The book "The Trail of Tears: The Rise and fall of the Cherokee Nation," by John Ehle presents the full history of a Native American democratic state, the Cherokee Nation. Like the United States, it was born in bloodshed, but instead of enduring, it grew for only a few years and then was destroyed by President Andrew Jackson and the government of the state of Georgia. Ehle includes a great deal of primary sources, such as letters, journal excerpts, military orders, and the like, that serve to enrich the story.
The Cherokee people were forced out of their land because of the settler’s greed for everything and anything the land had to offer. Many Cherokee even embraced the “civilization program,” abandoning their own beliefs so that they may be accepted by white settlers. Unfortunately for the Cherokee though, the settlers would never accept them as an equal citizen. A quote from historian Richard White says it very well, “The Cherokee are probably the most tragic instance of what could have succeeded in American Indian policy and didn’t. All these things that Americans would proudly see as the hallmarks of civilization are going to the West by Indian people. They do everything they were asked except one thing. What the Cherokees ultimately
The Cherokees had lived in the interior southeast, for hundreds of years in the nineteenth century. But in the early eighteenth century setters from the European ancestry started moving into the
The Cherokee Indians were mainly know for living in the southeastern part of the United States of America. But they had moved around several different areas before they discovered their so thought "forever home." They lived there until they were forced to leave to Oklahoma during the trail of tears. Lots of us have heard of the "Smokey Mountains," and the Smokey Mountains is where the Cherokee Indians were famous for living at. Now the area they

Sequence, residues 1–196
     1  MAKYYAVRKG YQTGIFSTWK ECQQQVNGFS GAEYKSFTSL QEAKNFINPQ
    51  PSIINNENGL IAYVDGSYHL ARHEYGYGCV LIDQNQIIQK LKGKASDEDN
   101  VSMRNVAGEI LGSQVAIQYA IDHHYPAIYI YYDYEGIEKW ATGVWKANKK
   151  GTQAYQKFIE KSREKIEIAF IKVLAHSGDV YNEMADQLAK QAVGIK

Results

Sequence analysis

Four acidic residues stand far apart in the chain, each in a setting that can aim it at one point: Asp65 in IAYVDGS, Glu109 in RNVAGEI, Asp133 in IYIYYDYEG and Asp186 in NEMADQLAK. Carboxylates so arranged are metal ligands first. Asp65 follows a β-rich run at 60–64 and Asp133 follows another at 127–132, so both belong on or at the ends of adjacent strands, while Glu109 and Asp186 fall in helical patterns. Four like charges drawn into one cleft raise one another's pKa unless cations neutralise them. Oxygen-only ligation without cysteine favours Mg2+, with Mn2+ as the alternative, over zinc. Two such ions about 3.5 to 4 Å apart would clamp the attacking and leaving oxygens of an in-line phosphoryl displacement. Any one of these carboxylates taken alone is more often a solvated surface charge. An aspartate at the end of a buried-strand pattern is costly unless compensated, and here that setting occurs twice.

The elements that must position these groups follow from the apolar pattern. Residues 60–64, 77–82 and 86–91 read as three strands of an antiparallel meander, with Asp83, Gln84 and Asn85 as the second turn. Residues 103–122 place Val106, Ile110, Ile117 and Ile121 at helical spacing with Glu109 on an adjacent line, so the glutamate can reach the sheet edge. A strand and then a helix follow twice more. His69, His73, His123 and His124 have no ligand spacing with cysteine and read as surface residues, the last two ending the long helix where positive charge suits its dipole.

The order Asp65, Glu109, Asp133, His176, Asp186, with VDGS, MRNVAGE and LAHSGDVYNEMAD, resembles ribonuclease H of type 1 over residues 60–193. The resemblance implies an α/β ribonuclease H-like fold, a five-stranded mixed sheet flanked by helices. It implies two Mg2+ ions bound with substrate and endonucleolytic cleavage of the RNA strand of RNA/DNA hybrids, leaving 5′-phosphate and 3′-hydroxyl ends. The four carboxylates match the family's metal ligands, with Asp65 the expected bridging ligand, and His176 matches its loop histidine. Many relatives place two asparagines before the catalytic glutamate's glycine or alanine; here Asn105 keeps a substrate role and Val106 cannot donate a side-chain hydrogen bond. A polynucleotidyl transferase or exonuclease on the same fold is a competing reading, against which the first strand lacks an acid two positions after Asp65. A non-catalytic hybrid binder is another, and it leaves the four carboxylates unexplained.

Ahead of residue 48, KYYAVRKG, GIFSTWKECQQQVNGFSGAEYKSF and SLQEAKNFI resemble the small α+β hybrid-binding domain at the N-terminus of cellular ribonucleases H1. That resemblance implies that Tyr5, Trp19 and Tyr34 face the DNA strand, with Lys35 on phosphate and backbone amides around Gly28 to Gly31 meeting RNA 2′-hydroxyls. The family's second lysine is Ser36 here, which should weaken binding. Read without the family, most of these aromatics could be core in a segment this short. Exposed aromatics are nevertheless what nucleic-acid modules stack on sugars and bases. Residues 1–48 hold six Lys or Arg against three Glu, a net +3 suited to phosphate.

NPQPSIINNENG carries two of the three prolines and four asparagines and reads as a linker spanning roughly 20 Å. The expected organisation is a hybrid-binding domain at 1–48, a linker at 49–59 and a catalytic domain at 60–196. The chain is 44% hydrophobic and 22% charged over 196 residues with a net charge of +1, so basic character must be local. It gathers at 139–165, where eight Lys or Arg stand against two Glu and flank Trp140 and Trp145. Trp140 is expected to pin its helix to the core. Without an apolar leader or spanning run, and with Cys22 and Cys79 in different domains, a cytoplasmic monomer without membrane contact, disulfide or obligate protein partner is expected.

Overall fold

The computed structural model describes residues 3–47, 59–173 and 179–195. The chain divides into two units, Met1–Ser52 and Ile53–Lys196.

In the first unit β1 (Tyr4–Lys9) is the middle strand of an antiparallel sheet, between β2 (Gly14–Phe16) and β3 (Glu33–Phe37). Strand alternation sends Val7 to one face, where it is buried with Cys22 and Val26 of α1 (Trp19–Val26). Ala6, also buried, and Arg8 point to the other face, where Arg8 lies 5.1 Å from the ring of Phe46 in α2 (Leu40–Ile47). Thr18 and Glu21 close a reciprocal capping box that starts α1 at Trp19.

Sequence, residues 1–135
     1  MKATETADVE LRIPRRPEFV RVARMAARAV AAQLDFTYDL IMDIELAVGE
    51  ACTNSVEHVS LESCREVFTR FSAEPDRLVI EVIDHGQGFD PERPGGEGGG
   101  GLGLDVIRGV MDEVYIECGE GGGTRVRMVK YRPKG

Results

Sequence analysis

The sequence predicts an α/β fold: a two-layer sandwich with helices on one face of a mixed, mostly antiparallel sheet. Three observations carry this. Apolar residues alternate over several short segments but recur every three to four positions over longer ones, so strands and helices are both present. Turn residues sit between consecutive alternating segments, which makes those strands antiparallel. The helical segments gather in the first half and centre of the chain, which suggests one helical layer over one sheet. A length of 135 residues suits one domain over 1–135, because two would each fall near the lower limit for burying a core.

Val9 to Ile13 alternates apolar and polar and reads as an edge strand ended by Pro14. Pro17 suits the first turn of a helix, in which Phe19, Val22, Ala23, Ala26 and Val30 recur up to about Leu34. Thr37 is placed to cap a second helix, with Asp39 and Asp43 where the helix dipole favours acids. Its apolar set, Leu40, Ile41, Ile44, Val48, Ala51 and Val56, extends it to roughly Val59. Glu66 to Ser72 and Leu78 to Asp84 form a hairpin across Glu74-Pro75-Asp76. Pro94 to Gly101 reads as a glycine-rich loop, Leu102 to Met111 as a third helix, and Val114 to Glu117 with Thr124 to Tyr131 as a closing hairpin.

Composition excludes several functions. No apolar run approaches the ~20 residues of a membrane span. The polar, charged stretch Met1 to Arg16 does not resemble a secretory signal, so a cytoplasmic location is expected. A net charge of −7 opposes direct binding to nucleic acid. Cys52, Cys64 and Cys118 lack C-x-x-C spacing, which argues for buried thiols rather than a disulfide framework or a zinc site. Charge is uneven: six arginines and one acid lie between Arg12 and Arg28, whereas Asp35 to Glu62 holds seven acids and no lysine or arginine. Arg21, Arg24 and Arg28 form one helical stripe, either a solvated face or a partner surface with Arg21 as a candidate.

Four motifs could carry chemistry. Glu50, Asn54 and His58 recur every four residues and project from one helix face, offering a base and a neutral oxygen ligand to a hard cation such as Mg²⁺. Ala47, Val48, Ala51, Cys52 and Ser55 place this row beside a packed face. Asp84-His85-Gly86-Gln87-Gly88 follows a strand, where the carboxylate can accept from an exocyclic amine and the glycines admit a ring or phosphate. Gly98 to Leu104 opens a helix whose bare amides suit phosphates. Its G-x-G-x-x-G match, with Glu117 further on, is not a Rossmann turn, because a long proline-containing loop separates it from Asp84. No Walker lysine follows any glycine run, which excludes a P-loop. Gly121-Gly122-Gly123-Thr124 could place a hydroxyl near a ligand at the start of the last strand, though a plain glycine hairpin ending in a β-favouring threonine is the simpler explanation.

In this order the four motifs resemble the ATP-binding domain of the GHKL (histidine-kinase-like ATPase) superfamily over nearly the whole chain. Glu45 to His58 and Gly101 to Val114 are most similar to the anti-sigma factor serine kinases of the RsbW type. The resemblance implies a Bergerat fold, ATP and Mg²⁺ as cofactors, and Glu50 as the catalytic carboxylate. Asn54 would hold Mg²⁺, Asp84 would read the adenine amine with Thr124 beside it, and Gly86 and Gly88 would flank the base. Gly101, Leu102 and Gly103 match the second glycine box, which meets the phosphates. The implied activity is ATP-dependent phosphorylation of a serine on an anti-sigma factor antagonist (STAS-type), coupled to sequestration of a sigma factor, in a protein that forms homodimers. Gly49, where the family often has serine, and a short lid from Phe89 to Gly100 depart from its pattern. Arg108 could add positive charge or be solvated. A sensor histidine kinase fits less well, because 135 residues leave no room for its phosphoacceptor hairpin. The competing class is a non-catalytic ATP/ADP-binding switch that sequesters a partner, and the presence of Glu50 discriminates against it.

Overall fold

The Cherokee tribe is known as one of the earliest and largest Indian tribe in North America. They are federally recognized even today among several states(museum). While they slowly became Americanized by the Europeans who came over to America, some still practice their typical Indian rituals publicly today. Most converted to Christianity and their government in Oklahoma is based off the American government with three branches. One would believe that the Trail of Tears could have completely vanquished these Indians but many made it through the horrendous trial and kept the Indian bloodline going even present day (Conley).
The Cherokee are a culturally rich and interesting tribe. They write amazing myths, focusing on creation and nature. In its prime, the Cherokee nation spanned over an estimated 100,000 miles. The people in it respected the universe. They only took from the what was needed from the environment. They were a peaceful tribe that knew very well how the land around them worked.
As a member of the Cherokee Nation, I must stand up for the rights of my people and challenge the removal of our nation. I know that we do not have much money and that the rich have most of the control and they can bend rules to their liking, but every man is entitled to be protected by the law. The "evils" do not have to exist in the government, they only exist because the rich allow and want them to. Just because it is profitable for the rich to take over our land, does not mean that they have the right to just take it from us and make us move to the land we know nothing about where we could possibly be unwelcome by other Indian tribes. The rich should not make all of the decisions. The law is the law and just because someone has money, does